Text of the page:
grets, the “ Letter” proceeds to state, There is no denying this, “ seeing that the writer did not choose “ to what we see, and hearing what we encounter the heat of feeling which hear." We perceive the Bishop hath prevailed whilst the Act was in propondered upon the nature of man's gress.” Hot work seems to be parti. mind. There are strange arcana and cularly inimical to his “ secret satishidden mysteries there, not to be ac- factory” feelings; " but now," he counted for, perhaps, “ on abstract says, " that there is no longer any principles.” But it is a fine study, room for controversy,”—which is as as Juvenal says-" E cælo descendit much as to say, “I won't listen to any yule mravlev," The Bishop's next la reply ; I am one of Erasmus's bishops, mentation (the loss of his “ secret sa- “ Non amo monachum respondentisfaction” being the first) is, that he tem:"_" Now," he proceeds, “ we was obliged to take an active part in can calmly enquire whether either our the removal of the “ main obstacle to religion, or our Protestant establish. the reformation in Ireland” “ 80 soon ment, are brought into serious hazard after his appointment to the diocese.” by that change in our laws, in which It certainly was a hard case. No man so large a majority of the legislative likes to do good,“ upon compulsion,” body has concurred.” Page 3. at any time; but, to be compelled to The questions as to whether “ the set about it directly one possesses the enactment was lawful or not," and power, really requires more than a “whether the step taken was inevicommon share of the “ milk of human table or no,” are immediately thrown kindness” to endure. Here, however, overboard. “ It is unnecessary now," the writer is kind enough not to aban: the right reverend prelate says, “ to don us to the misty light of our old enquire.” We have, however, a taste fashioned “ abstract principles," nor of the old dogma, that Ministers knew to vague conjectures as to “ circum- something that nobody else knew, stances which cannot be pointed out,” dished up in a new style, thus:-" It His regret arises from a want of op. is improbable that, except upon such portunity to establish “a mutual con conviction," (i. e. of its inevitability,) fidence between his clergy and him, “they should have embarrassed themself," which, however, “he trusts may selves with a measure so arduous and be hereafter furnished.” Perhaps it unpopular.” This is worthy the domay: but, in the meanwhile, it has minie of a village-school. “ Take that, been his misfortune to be “ brought to my lads," he says, when administerthe alternative of opposing his own ing the cane; " you can't understand conscientious view of justice and ex- what it's for,- but never mind, I pediency, or of voting in contradiction know, and you'll be the better for it by and by, depend upon it!” The worthy "newly obtained privilege,” “oppordiocesan next affirms, that he “ cer tunity of enforcing," &c. all attributed tainly could not have given a consci- to Roman Catholics; and yet the “in. entious vote in favour of the bill, if fluence" of their religion will not be he had believed that it would either “extended !" If such be the case, it weaken the Protestant establishment, clearly proves that the Roman Cathoor extend the influence of the Roman lic religion can have no influence on Catholic religion." In the capacity of the heart of its professors. All those merely verbal critics, we should have doctrines, which the Bishop was wont liked this sentence better, had the first to call “ damnable," are but phan. part been more bluntly worded. The toms of the brain, if they influence repetition of the epithet “conscien- not the mind and conduct of men. But tious," appears to be in what is now let us seek in the Letter for a solu. called " bad taste."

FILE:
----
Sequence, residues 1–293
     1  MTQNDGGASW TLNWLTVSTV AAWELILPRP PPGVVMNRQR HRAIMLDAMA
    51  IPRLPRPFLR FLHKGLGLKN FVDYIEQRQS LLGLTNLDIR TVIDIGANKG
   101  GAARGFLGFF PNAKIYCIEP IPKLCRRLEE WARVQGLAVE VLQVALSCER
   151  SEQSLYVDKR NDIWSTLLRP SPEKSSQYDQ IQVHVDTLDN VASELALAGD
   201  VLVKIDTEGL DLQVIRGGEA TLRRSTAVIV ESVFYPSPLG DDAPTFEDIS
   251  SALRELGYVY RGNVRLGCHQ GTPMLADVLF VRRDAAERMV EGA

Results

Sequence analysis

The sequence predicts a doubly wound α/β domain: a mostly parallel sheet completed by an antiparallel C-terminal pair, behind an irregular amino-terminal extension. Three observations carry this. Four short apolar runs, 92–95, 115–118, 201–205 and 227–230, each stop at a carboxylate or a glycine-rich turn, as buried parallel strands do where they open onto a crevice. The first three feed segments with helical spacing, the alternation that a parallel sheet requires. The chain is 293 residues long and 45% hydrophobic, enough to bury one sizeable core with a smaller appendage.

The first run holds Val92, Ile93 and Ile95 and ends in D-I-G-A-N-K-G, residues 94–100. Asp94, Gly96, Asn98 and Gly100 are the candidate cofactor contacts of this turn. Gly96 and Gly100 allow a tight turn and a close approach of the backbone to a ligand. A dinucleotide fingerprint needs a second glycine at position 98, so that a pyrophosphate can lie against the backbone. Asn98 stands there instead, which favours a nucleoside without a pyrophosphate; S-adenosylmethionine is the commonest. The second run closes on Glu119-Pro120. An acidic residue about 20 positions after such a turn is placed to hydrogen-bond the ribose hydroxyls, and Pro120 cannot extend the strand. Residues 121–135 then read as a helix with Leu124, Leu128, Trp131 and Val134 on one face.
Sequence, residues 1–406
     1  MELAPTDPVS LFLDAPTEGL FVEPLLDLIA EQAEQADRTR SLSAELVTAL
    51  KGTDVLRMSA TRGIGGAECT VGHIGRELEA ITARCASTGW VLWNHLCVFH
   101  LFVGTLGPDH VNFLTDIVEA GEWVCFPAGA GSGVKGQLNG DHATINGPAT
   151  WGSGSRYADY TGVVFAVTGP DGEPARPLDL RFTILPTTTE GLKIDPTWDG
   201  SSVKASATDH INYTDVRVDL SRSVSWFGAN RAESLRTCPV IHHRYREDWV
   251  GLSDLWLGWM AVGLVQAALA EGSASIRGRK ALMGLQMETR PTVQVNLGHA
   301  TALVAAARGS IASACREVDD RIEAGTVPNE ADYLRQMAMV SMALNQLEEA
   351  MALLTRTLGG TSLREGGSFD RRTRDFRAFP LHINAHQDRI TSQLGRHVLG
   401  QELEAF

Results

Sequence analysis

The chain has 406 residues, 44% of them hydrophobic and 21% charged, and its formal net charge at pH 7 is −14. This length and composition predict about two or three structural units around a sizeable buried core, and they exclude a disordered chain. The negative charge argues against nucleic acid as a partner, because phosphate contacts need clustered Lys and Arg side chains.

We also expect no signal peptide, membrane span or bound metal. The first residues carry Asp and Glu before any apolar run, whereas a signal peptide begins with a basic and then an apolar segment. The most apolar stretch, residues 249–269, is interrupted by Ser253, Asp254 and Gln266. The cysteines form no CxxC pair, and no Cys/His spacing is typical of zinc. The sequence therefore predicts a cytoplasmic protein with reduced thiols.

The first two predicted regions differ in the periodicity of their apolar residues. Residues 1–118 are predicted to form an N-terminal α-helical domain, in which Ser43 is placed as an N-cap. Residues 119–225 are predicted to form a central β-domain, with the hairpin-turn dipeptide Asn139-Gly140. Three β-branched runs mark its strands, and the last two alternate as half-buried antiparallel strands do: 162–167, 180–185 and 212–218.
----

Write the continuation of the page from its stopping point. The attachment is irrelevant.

tion of this problem. We have it ! It must, however, be extremely sa. page 13. “Why, in short, may we tisfactory to the minds of the clergy, not be allowed to hope and believe, in to learn, that a Bishop of the Esta- the case of the Roman Catholics, what, blished Church believes, that the in in other cases, we are too often obliged fluence of the Roman Catholic religion to fear or to lament, that men do not will not be extended by the admission always act, or speak, or think, in ere of eight members of her communion act accordance with the articles to into the House of Lords, and fifty in. which they have assented, or the to the Commons! These are the num. words and formularies which they rebers calculated in the “Letter." (Pp. cognise as their own ?" Here is ground 6 and 7.) For our own part, we were for hope, with a vengeance! With our (perhaps) weak enough to imagine, nonsensical reasoning, upon “ abstract that men, who have been prevented principles," we should never have disa from taking their seats in Parliament covered it, but for the “ Letter." solely on account of their religious and But, in spite of all the sedatives ap“ conscientious" scruples, would, in plied, to benumb our feelings, in the all probability, feel it a duty to exert varied forms of cant and expediency, any influence which might fall to our blood will rise occasionally. What! their share, in favour of such mea- admit men into office, with the hope sures as were likely to increase the and belief that they will perjure thema power of their Church. We confess selves! Is this the language of a Brithis to have been our fear. We ima. tish legislator? Can these be the words gined that, having gained a footing, of one who, but the other day, before they might advance gradually, step by the Archbishop, solemnly declared, step, until they could assume a more that he was “ ready, the Lord being commanding position ; but the “ Lete bis helper," " with all faithful diliter" goes at once to the question of gence, to banish and drive away all er. ascendency. After briefly stating, that roneous and strange doctrine contrary the Established Church of Ireland was to God's word, and, both privately in danger, before the passing of the and opeuly, to call upon and encou. bill, the writer says, “The only ques. rage others to the same ?"* We have, tion is, whether that danger be in indeed, “to lament,” &c.— but how creased or diminished by the political to account for the thing, we are utterly influence which Roman Catholics are at a loss, unless peradventure by again likely to enjoy, who, as many seem to quoting the Bishop's own words: “In believe, will value their newly obtained the course of social and political life, privilege only in proportion as it gives many circumstances occur which can. them the opportunity of enforcing the not, and need not, be pointed out, but claim of their own Church to ascend. which often lead men to act in a very ency. But, supposing them to enter different way from what, on abstract tain this object, it can only be carried principles, might be expected,” We into effect in one of two ways, by vehemently deprecate the doctrine; force, or by influence." This reads and yet, coming froin such a quarter, very strange, after the former passage! we dare not assert that it is without Here we find “ political influence," foundation. If “ offences" of this sort